Figure 9Compound SWPs associated with 100mmP24200 mm and coastal storms of C≥IV and Hs≥4 m. (a) z500 anomaly (colour map) overlaid with the mslp anomaly (contours). (b) Wind anomaly. (c) Probability of P24≥100 mm (land) at each basin; probability of a storm power content of class  IV (internal coastal band) and probability of Hs≥4 m (external coastal band) at each coastal sector. (d) Spatial distribution of multivariate severe events of P24≥100 mm with a coastal storm of class  II and Hs≥4 m.

The remaining patterns, namely SWP10, SWP8, and SWP3 (Fig. 10), correspond to events characterised as moderate to severe in both rain and wave components. Notably, there are no instances of severe multivariate episodes across any of the basins (Table 4). In the case of SWP10, it is marked by a northwestern Atlantic trough with a Mediterranean low positioned over the Balearic Islands, albeit with lesser intensity compared to previous patterns (see Fig. 10a and b). This atmospheric configuration leads to P24≥100 mm across the entire territory, accompanied by waves reaching Hs≥4 m and class II coastal storms primarily in the northern sector (Fig. 10c). SWP8 is characterised by a cut-off pattern over the Iberian Peninsula, with a corresponding low-pressure system located over the Gulf of Cádiz (Fig. 10a and b). While winds in the Mediterranean do not generate severe coastal storms in the study area, severe rainfall events may occur in Barcelona and the northern basins (Fig. 10c). Finally, SWP3 is marked by a Mediterranean low situated between the Gulf of Lyon and the Ligurian Sea, accompanied by a configuration of low-pressure systems at both at the surface and upper levels and extending from the British Isles to the North Sea and Scandinavia (see Fig. 10a and b). This atmospheric setup results in winds blowing from the land toward the Mediterranean Spanish coast, with Hs reaching 4 m at specific locations in the central and northern sectors. Severe rainfall events were recorded exclusively in the northernmost basin Fig. 10c).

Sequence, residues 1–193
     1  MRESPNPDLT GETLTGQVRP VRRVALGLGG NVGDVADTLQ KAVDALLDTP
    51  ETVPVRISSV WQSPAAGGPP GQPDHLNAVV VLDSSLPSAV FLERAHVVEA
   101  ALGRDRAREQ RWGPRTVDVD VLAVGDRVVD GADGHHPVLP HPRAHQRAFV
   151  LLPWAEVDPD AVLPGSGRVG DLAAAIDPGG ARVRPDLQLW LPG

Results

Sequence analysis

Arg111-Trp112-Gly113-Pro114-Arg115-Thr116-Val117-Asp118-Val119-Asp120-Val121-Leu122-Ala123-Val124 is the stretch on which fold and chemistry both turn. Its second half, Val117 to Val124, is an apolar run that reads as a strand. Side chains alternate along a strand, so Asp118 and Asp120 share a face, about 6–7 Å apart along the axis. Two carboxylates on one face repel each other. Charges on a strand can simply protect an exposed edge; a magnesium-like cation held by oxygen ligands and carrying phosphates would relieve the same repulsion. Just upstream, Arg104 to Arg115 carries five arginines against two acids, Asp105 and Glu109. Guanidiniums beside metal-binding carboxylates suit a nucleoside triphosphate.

Figure 10Compound SWPs associated with 100mmP24200 mm coastal storms of IICIV with Hs≥4 m. (a) z500 anomaly (colour map) overlaid with the mslp anomaly (contours). (b) Wind anomaly. (c) Probability of P24≥100 mm (land) at each basin; probability of a storm power content of class  IV (internal coastal band) and the probability of Hs≥4 m (external coastal band) at each coastal sector. Please note that none of the SWPs were linked to severe multivariate episodes; therefore, the panels for such cases are not displayed.

5 Discussion